Cybersecurity

DHS issues new directive to protect high-value assets

cybersecurity

The Department of Homeland Security announced May 25 that it has issued a new Binding Operational Directive designed to further protect high-value assets in the federal government from cyber attacks.

Under the new directive, 18-02, federal agencies must submit to DHS an updated and prioritized list of their own high-value assets within 30 days of the order’s issuance, dated May 7. They must also identify a point of contact within the agency responsible for coordinating with DHS.

Additionally, a select number of agencies designated by the Office of Management and Budget must authorize DHS to conduct deeper assessments around risks and vulnerability and remediate any critical weaknesses identified within 30 days of notification.

“With the issuance of BOD 18-02, DHS introduces a more focused, integrated approach to addressing weaknesses across federal agency [high-value assets], facilitates ongoing collaboration across cybersecurity teams to drive timely remediation, and ensures senior executive involvement to manage risk across an agency enterprise,” wrote Jeanette Manfra, Assistant Secretary for Cybersecurity and Communications in a note accompanying the directive’s release.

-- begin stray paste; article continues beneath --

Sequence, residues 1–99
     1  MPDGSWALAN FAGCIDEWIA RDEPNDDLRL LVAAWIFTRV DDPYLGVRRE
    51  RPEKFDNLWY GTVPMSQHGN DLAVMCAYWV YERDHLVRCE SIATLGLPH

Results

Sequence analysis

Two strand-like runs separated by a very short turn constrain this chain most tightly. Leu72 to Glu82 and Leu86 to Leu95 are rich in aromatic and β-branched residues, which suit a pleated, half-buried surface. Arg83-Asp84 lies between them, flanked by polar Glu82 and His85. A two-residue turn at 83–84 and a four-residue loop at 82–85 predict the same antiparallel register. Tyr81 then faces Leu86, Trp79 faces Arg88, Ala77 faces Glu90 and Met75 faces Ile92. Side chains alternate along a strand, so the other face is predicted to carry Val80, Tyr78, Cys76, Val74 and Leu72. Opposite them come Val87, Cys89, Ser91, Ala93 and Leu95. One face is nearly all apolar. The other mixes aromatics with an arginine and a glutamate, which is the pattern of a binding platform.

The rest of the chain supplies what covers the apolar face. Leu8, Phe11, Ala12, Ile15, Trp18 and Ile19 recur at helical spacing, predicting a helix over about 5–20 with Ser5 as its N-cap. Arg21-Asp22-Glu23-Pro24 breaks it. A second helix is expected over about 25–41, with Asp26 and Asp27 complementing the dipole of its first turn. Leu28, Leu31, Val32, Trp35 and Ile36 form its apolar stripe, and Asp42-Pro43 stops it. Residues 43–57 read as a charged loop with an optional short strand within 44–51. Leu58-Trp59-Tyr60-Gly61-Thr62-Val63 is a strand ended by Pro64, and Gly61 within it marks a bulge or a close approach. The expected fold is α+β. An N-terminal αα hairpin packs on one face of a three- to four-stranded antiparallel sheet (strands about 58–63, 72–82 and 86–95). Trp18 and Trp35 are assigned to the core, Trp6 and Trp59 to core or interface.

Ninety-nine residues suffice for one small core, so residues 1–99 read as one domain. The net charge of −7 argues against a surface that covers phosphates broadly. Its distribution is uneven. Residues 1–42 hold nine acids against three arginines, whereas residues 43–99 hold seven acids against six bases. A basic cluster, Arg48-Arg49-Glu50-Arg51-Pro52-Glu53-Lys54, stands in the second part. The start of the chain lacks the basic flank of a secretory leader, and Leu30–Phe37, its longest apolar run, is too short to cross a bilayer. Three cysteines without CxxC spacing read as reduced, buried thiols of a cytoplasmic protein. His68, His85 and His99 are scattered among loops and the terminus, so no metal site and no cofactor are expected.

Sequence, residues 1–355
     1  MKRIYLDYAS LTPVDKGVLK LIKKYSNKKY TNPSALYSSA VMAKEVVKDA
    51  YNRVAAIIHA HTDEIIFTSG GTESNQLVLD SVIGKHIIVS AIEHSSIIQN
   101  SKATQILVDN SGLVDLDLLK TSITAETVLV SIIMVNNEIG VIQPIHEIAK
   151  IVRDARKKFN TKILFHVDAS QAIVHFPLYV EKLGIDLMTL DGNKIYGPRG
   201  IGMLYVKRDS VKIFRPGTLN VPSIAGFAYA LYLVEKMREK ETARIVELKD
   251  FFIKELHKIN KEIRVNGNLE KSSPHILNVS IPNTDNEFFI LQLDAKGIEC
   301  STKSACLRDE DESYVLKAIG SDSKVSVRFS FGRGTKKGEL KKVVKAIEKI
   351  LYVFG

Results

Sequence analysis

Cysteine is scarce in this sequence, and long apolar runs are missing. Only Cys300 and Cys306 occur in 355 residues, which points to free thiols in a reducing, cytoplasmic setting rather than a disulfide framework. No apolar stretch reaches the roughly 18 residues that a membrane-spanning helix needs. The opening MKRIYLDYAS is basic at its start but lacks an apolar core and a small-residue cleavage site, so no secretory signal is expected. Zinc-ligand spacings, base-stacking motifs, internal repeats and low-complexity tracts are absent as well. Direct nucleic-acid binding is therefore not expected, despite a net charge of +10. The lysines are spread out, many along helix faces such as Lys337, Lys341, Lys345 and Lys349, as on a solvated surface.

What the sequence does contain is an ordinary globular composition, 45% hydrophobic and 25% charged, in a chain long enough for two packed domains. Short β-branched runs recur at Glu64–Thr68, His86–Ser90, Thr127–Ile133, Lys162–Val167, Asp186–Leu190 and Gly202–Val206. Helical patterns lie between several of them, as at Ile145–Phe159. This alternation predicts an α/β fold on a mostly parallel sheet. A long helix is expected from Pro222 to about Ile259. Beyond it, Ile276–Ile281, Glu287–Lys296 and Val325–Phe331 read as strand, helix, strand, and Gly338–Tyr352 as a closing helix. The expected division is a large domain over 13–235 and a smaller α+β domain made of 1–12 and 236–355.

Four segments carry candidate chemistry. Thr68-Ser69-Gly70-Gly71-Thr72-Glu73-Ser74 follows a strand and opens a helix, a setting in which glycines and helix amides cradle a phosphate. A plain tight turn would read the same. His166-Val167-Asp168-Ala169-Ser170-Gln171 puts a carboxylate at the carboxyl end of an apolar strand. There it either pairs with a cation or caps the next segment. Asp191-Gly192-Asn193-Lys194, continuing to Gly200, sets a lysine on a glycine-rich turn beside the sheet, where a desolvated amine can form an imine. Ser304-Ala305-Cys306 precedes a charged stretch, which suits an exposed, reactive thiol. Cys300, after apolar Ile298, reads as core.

The new BOD will supersede a similar directive issued in 2016.

“Based on operational insights and lessons learned, DHS is enhancing its approach to conducting these engagements to provide agencies with improved results and findings by expanding system scope, refining assessment methodologies, and using less-constrained penetration testing approaches to resemble tactics, techniques, and procedures used by advanced threat actors attempting to gain unauthorized access,” the directive read.

About the Author

Derek B. Johnson is a senior staff writer at FCW, covering governmentwide IT policy, cybersecurity and a range of other federal technology issues.

Prior to joining FCW, Johnson was a freelance technology journalist. His work has appeared in The Washington Post, GoodCall News, Foreign Policy Journal, Washington Technology, Elevation DC, Connection Newspapers and The Maryland Gazette.

Johnson has a Bachelor's degree in journalism from Hofstra University and a Master's degree in public policy from George Mason University. He can be contacted at djohnson@fcw.com, or follow him on Twitter @derekdoestech.

Click here for previous articles by Johnson.


Featured

  • Congress
    Rep. Jim Langevin (D-R.I.) at the Hack the Capitol conference Sept. 20, 2018

    Jim Langevin's view from the Hill

    As chairman of of the Intelligence and Emerging Threats and Capabilities subcommittee of the House Armed Services Committe and a member of the House Homeland Security Committee, Rhode Island Democrat Jim Langevin is one of the most influential voices on cybersecurity in Congress.

  • Comment
    Pilot Class. The author and Barbie Flowers are first row third and second from right, respectively.

    How VA is disrupting tech delivery

    A former Digital Service specialist at the Department of Veterans Affairs explains efforts to transition government from a legacy "project" approach to a more user-centered "product" method.

Stay Connected

FCW INSIDER

Sign up for our newsletter.

I agree to this site's Privacy Policy.